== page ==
In this strange new COVID-19 world, everyone is wondering: When will it all end? As lockdowns lift in different states, we all want to know when it'll be truly safe to return to work, school, and the fun activities of life.
The unsettling reality is that no one knows how long it will take for things to return to normal—and we won’t know until widespread testing is made available to confirm who’s positive out there, says Rashid Chotani, M.D., the vice president of Medical Affairs at CareLife Medical in Fairfax, VA. “Widespread testing is what enables us to discern disease incidence and prevalence, and to determine who has recovered from infection,” explains Dr. Chotani.
World Health Organization (WHO) Director-General Tedros Adhanom Ghebreyesus shares this view. This spring, he tweeted: “One of the main things we've learned in the past months about COVID-19 is that the faster all cases are found, tested, isolated & cared for, the harder we make it for the virus to spread. This principle will save lives & mitigate the economic impact of the pandemic.”
Antibody testing may help do this and more. That’s because there is still so much to discover about the novel coronavirus (it has only been infecting humans since late last fall). Many researchers suspect that if it behaves like most other viruses do, the presence of post-infection antibodies in our bloodstreams may provide some level of immunity—and hopefully allow us to return to our regular lives.
What Are Antibodies, Anyway?
When you catch a virus, your body starts working immediately to counteract it. Your white blood cells produce proteins called antibodies in response to the infection, whose main job is to kick this "invader" out of your system. “The presence of an antibody indicates that someone has been exposed to that pathogen at some point,” says John Schmitz, Ph.D., associate director of the Clinical Microbiology/Immunology Laboratories at UNC Hospitals in Chapel Hill, NC.
Two types of antibodies in particular are important indicators for COVID-19. (They are produced in response to a variety of different infections—coronavirus is just one example.)
- IgM (short for “immunoglobulin M”) indicates that someone was recently exposed or is currently fighting off an active infection.
- IgG (you guessed it–“immunoglobulin G”) develops later on, and it shows that you’ve developed an immune response to the virus. Whereas IgM peaks and fades within a matter of weeks, IgG can sometimes last for months or even years to provide some level of protection from re-infection.
The level of protection these antibodies provide depends on the specific virus—and for COVID-19, scientists still aren’t sure whether immunity develops this way. But the hope is that these antibodies might indicate at least some level of protection against COVID-19, once someone has recovered from illness.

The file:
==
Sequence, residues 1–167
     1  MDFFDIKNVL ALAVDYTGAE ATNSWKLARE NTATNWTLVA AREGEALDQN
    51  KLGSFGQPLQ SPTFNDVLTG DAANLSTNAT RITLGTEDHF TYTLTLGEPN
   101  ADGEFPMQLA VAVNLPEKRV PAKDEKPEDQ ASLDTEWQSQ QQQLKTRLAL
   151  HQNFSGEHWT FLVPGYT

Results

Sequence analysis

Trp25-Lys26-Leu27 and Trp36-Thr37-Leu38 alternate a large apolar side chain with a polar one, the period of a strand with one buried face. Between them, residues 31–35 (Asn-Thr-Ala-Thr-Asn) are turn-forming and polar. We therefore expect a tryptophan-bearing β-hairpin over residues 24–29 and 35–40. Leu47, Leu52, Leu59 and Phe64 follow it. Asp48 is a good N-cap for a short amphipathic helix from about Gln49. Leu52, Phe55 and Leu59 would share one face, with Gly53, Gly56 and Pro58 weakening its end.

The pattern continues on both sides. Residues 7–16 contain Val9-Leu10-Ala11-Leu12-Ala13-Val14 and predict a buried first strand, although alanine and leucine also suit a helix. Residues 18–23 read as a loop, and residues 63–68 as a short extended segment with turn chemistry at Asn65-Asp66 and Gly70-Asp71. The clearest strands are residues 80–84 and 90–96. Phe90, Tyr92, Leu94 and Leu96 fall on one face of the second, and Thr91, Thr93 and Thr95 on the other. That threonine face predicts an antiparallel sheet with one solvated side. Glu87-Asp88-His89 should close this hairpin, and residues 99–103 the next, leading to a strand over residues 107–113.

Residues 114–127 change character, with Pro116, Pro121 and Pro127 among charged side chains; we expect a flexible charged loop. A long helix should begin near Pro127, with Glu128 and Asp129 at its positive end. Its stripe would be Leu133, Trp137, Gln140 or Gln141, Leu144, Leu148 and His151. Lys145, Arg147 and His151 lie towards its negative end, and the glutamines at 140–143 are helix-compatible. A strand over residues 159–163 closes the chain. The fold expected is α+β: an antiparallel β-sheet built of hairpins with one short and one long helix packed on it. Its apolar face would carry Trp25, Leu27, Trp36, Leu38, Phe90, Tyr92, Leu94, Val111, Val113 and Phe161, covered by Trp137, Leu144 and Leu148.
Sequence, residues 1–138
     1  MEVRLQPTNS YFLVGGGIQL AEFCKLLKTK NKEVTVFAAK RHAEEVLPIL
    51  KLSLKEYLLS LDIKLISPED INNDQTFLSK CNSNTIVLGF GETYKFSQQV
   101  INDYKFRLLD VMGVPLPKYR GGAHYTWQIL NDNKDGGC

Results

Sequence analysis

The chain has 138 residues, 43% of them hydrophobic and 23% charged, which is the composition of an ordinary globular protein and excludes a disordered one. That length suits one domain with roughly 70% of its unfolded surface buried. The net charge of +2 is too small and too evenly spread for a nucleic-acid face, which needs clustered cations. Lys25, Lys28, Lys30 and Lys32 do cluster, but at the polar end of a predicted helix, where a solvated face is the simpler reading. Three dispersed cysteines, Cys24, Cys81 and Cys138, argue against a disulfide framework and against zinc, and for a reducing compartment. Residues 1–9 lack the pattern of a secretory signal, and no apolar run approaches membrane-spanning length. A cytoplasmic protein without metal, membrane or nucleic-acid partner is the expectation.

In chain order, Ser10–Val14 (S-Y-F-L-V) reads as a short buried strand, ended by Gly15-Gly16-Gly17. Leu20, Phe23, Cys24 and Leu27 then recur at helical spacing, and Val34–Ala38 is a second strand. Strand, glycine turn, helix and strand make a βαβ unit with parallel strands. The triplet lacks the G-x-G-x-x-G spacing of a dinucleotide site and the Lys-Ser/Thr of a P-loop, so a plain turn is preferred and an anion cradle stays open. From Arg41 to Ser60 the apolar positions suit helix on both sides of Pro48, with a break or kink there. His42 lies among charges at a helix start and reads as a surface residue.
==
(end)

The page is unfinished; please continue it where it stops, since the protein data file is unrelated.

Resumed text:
The important word there is might. On April 17th, Michael Ryan, M.D., executive director of the WHO Health Emergencies Program, warned that “nobody is sure whether someone with antibodies is fully protected against having the disease or being exposed again.” Scientists and health officials hope to know more in the coming months.
Why Is Antibody Testing Important?
In order to know if you have the antibodies for COVID-19, you need a test for them. Unlike polymerase chain reaction (PCR) nasal-swab testing, which tells you if you currently have COVID-19, antibody tests have the potential to tell us who has already recovered from the virus—even if such individuals never showed any symptoms, which occurs in at least 25% of all cases, according to the Centers for Disease Control and Prevention (CDC). This is especially important for us to learn to help stop community spread among people whose symptoms are so mild they might not know they have COVID-19 in the first place—but are continuing to engage with others, potentially transmitting the disease.
This is a really big deal. “The faster we can clear individuals from active disease state, the faster we can mitigate the socio-economic downturn and social disruption,“ explains Dr. Chotani. In other words, the more people we can test, the more experts will know about when it’s safe to reopen the economy again.
How Is the Antibody Test Done?
Karen Dukess, 57, is an author and mom of two living in New Rochelle, NY. She developed suspicious symptoms in early March, headed to Greenwich Hospital in Connecticut (under the instructions of her doctor) to do a drive-through test, and found out she was positive for COVID-19 on March 10.
Luckily, Dukess recovered at home within several weeks. She then immediately signed up to get her blood tested for antibodies at Mount Sinai Hospital in Manhattan. She arrived at the facility on April 2, where she was given a mask and got a temperature check at the door. “There were a lot of people there, two waiting rooms,” she remembers, describing how people were purposefully kept at a distance from one another.
Dukess got her blood drawn and did a PCR test, to make sure she no longer had an active infection. Two days later, she was informed that she did have resistant antibodies to COVID-19. But to her surprise, she also tested positive once again for COVID-19 through the nose swab, even though she no longer felt sick. One week later, on April 10, she returned to Mount Sinai for a final nose swab test to confirm the virus was no longer present in her RNA—and, finally, she tested negative. Which cleared her for the next step: donating her plasma.
What Is Convalescent Plasma, and Why Might It Help?
Plasma is the medical term for the golden-colored part of blood containing antibodies, and it’s important because scientists can use it to study the COVID-19 resistant antibodies from recovered patients. Again, at this time it’s unclear whether antibodies indicate immunity—and that’s what scientists are working around the clock to find out. Since such antibodies may hold the key to ending the coronavirus pandemic, survivors are being asked to donate blood or plasma for research purposes.